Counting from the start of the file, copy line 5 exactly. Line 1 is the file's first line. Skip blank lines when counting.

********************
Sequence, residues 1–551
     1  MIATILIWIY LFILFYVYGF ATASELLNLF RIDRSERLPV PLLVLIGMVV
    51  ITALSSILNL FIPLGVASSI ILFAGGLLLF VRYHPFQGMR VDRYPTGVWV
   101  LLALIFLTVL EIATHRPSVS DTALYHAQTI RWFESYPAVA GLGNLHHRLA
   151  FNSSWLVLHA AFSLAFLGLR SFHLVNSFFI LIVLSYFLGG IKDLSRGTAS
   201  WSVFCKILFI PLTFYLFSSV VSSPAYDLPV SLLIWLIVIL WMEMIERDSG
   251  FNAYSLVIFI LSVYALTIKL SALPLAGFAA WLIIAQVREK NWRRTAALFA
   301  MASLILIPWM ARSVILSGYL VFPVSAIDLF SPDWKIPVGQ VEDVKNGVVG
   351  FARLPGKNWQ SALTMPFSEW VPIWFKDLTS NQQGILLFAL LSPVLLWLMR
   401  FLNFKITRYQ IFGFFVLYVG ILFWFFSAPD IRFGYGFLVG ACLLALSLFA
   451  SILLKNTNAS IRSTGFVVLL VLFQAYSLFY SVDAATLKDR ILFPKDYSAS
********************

   151  FNSSWLVLHA AFSLAFLGLR SFHLVNSFFI LIVLSYFLGG IKDLSRGTAS